There are 3 crucial names in the birth of the Blockchain but which, however, are very little known beyond the most expert circles related to this technology. The first 2 are Stuart Haber and W Scott Stornetta, who in 1991 laid the foundations on which the first functional Blockchain would be created shortly after. These bases were presented in a study called “How to time-stamp a digital document” or “How to make a time stamp on a digital document” where they sought mechanisms to improve the security of digital documents by creating time stamps that would prevent the documents from being manipulated or modified.

The system that the two finally created was the blockchain, which would contain digital documents protected with a cryptographic key that would make their manipulation practically impossible. A year later, in 1992, they incorporated into the design a fundamental part for the later arrival of the Blockchain as we know it today, the Merkle trees. The design of these trees was created by Ralph Merkle in the year 1979, in order to streamline the process of verifying large amounts of data. To create this, Merkle created a data structuring by strata where each existing node was related to a unique root associated with it called Merkle root, where each node must have a unique identifier which is called “hash” (a term that we will go deeper into in module 2). Once each node has its own hash, they are concatenated in pairs and the result of this sum is assigned a new identifier. This process is repeated until there are no more pairs to associate, resulting in the main hash or Merkle root.



As we mentioned at the beginning, Merkle sought to speed up the verification process of large amounts of data using this system; however, not only did it achieve this, but it also managed to give the entire structure an extraordinary level of security, since, due to the way hashing processes operate, any modification, however small, of the content would result in a totally different identifier and would therefore end up modifying the root itself due to the chain effect.

As we have seen, the Merkle tree, was a key incorporation in the first blockchain design by Haber and Stornetta, thus giving Merkle a fundamental role in the creation of the Blockhchain being the third key name in the history of its birth.

The foundations of the technology were already in place, however, it would still take several years before it was finally applied for the first time. In 1998 Nick Szabo, a computer scientist and cryptographer, designed “Bit Gold” which consisted of a decentralized digital currency whose structure was based on the participation of different agents who use the computing power of a computer to solve a series of cryptographic puzzles.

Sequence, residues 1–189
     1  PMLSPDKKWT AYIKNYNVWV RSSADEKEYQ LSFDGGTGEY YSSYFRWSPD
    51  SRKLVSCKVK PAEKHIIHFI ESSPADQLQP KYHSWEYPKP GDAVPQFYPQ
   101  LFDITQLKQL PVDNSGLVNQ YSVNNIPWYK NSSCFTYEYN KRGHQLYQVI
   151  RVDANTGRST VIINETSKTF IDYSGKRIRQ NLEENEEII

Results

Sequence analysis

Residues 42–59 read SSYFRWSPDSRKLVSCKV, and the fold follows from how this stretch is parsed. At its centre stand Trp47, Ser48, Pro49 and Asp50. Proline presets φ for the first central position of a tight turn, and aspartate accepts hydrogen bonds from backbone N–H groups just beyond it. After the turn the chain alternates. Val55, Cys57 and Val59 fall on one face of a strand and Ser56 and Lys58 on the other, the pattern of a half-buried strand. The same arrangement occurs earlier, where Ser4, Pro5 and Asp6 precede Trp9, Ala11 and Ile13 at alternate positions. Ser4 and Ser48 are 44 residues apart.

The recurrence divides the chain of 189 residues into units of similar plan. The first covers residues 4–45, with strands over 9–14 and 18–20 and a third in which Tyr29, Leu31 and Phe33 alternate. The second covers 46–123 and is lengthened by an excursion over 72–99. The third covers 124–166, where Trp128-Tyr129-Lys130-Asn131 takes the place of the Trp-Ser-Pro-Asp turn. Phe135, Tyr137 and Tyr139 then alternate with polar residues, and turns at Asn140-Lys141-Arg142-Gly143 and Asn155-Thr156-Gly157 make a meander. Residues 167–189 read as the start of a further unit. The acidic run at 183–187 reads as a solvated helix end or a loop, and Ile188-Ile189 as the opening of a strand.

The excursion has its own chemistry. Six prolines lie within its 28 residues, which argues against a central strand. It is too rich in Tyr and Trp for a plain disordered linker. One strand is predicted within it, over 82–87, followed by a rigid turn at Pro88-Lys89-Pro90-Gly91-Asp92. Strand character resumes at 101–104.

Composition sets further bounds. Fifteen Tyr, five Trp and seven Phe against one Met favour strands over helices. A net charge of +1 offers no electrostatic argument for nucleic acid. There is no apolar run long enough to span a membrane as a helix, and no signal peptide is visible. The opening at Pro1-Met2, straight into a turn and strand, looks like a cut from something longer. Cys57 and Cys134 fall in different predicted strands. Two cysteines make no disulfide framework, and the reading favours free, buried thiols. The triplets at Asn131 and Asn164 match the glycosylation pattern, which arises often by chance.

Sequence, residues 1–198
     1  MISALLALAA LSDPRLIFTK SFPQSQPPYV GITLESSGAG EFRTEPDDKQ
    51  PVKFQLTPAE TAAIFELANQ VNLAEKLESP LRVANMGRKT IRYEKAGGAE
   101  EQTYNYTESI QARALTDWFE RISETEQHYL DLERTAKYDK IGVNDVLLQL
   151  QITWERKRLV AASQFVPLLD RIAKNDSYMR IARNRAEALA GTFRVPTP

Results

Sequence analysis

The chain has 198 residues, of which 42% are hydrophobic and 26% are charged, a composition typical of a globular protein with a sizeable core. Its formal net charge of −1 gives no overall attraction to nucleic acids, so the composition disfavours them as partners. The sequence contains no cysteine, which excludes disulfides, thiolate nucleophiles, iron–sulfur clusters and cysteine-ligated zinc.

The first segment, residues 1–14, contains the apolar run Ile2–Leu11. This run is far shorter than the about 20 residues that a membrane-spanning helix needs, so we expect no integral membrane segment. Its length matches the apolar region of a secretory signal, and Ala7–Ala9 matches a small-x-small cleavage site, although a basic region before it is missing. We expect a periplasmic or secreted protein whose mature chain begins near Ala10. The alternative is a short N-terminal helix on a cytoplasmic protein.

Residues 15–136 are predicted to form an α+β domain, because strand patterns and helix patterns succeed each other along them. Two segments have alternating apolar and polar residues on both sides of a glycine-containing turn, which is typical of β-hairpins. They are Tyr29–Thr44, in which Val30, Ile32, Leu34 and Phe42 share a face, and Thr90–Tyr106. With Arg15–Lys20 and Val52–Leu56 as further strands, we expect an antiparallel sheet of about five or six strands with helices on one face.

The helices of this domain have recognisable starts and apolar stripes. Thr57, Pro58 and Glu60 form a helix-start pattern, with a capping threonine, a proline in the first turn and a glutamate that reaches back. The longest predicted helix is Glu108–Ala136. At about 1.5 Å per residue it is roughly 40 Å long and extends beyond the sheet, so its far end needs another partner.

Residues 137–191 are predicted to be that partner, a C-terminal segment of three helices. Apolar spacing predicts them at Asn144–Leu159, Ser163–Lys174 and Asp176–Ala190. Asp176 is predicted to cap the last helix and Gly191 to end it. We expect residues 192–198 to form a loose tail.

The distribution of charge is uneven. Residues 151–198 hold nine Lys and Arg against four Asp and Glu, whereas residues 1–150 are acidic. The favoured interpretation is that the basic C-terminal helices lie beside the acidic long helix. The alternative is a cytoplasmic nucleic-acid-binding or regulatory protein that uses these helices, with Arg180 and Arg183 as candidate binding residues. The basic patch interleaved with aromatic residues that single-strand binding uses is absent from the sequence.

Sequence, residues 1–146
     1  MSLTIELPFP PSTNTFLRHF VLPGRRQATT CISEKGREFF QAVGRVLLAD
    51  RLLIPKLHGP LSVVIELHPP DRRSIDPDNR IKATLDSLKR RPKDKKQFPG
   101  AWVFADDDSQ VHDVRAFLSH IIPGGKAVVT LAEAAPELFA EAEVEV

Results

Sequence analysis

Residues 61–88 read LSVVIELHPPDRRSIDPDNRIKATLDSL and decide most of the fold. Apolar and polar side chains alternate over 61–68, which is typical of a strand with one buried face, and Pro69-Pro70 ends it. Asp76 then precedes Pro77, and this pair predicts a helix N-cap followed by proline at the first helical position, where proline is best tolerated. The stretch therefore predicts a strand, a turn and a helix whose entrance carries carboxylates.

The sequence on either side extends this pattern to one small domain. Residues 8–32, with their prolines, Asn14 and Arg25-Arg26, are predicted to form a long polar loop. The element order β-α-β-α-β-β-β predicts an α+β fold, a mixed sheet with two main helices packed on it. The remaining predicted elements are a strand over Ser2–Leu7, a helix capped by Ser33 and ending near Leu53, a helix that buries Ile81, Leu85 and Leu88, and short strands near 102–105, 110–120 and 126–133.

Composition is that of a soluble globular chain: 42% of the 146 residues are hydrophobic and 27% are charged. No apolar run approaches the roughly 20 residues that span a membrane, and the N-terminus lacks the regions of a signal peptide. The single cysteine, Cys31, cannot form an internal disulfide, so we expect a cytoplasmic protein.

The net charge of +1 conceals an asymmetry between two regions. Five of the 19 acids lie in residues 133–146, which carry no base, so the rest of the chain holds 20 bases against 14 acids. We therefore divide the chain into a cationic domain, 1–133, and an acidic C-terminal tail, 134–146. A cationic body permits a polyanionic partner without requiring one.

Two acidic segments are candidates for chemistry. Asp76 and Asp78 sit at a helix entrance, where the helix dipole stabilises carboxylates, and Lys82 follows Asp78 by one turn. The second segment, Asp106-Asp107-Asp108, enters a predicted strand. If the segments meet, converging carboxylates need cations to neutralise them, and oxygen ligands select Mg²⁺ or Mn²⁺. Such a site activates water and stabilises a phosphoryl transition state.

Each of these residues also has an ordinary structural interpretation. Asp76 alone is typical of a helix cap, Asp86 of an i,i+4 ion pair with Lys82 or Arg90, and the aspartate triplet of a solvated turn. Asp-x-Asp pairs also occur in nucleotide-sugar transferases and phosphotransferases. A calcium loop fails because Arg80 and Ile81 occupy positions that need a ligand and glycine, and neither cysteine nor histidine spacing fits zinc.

When an agent in the network solves one of the puzzles, the solution is sent to a public registry and is associated with the solver. The solution, in turn, generates new coins and forms part of the next puzzle to be solved, thus creating a chain where each new link created depends on the previous one. This aspect is a fundamental part of the design, allowing all participants to verify the solutions to the puzzles and, if the majority agree, move on to the next one. The problem for Szabo started when designing the digital currency transactions, as he ran into the wall of “double spending”, which is an attack by which a cybercriminal can use the same currency as many times as he wants due to the very decentralized design of the network. This is why Bit Gold never became a reality, although, as we shall see, it laid the groundwork for another digital currency that would emerge a decade later. It was not until 2004 when computer scientist and crypto activist Hal Finney created a system called “Reusable Proof of Work” or RPoW, which solved the double-spending problem that Szabo ran headlong into.


Reusable Proof of Work


The main design of the RPoW is to perform a moderately difficult job on the client side and easy to verify on the server side. The proof of work performed is called a “POW token” and has a limited form of sequential reuse. This allows a POW token to be used once, then Hal Finney. Source en.wikipedia.org 9 exchange it for a new one that could be used again only once and then exchanged again in a process that we can repeat as many times as we want. This is why the RPoW solved the problem of double spending since, for example, if a sender wanted to send a coin to a recipient, as soon as that coin was sent to the receiver the sender would spend the use of his coin and would not be able to use it again. RPoW was the last piece of the puzzle that was missing so that, 4 years later, a link appeared in a cryptography forum redirecting to a white paper written under the pseudonym of Satoshi Nakamoto entitled “Bitcoin: A Peer-to-Peer Electronic Cash System”.


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